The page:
Dougie Hamilton, 20, had an assist on Loui Eriksson's first-period power-play goal that opened the scoring. Torey Krug, 23, delivered a pair of assists in the win and would be a Calder Trophy finalist in many other seasons. Matt Bartkowski, a 25-year-old in his first full NHL season, didn't have a point in 18:44 of ice time, but has been steady throughout the series. Kevan Miller, a 26-year-old rookie, blocked four shots in 20:20 of ice time.
Depth is everything in the postseason, and with Miller and Bartkowski offering steady, tough play and Krug and Hamilton timing their pushes to join the rush without being defensive liabilities, it makes solving the Bruins' back end extremely difficult.
"That's what they learned throughout the season," Bruins coach Claude Julien said of the patience of Krug and Hamilton when it comes to seeking offense. "There's times when they did get caught and I've got a lot of clips of that, if you want. That's how they learned. You have to teach along the way. Because they were allowed to do that, sometimes you learn from your mistakes. You get better."
"They're young players. They're getting better all the time. They've learned. That's to their credit."
It's also nice to have the security blanket of Rask in the net. If there's ever a mistake that leads to an odd-man rush or a breakaway, having the best goaltender in the league turning aside grade-A chances is always good for a young defenseman's confidence.
There weren't too many breakdowns in Game 5, but Rask made a save on Justin Abdelkader during overtime of Game 4 that extended the contest and allowed the Bruins to score a few minutes later.
For the series, Rask had a .961 save percentage and suffered his only loss by a 1-0 margin in Game 1.
"I know when a guy like that has your back when you're playing with the puck, it's confidence," Krug said. "He gives us all the confidence in the world to play in front of him."
This is all without mentioning Chara, who usually logs major minutes in the face of so many young defensemen on the roster, but that was hardly the case Saturday. Chara played just 22:43 and was extremely efficient at both ends of the ice. His power-play goal in the dying moments of the second period gave the Bruins the lead for good, and although he was victimized on Zetterberg's goal, he held the fort in the final minute with the Red Wings pushing for the tie.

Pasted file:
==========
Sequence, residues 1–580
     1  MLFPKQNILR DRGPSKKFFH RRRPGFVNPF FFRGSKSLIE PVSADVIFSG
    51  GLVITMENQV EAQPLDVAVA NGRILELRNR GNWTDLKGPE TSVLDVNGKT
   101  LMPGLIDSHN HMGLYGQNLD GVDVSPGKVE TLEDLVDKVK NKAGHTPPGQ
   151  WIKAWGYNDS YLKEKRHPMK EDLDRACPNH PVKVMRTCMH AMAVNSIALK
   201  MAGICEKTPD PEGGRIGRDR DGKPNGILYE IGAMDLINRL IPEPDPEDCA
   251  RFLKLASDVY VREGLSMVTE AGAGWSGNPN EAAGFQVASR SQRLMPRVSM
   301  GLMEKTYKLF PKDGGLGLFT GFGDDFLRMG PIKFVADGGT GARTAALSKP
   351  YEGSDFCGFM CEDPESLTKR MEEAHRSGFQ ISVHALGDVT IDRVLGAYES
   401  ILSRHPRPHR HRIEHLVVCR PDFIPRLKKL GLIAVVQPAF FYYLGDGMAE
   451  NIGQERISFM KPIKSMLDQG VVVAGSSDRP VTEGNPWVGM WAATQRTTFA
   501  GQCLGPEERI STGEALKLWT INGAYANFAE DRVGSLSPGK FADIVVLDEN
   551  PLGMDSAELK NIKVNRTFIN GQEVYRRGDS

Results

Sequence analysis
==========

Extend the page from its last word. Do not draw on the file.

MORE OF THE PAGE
Now the 37-year-old Chara will get a week of rejuvenate his aging body before what should be a chippy, physical series with the Canadiens, who had to be hoping the Red Wings would push the Bruins to a sixth of seventh game before the second round.
"We were pretty solid, but like I’ve always been saying, there is always room to improve and always room to be better and we’ve got to get better for the next round," Chara said. "I think that we handled a lot of situations really well, but we never gave them games that they really outscored us wildly. We kept them pretty much to one or two goals a game. I think that’s the way you want to play in the playoffs, but we can’t be just looking at the numbers.
"We’ve got to keep trying to get better and better."
If the Bruins improve in each successive round, a second Stanley Cup in four years will be in the offing for Boston.
Dave Lozo covers the NHL for Bleacher Report. You can follow him on Twitter: @DaveLozo.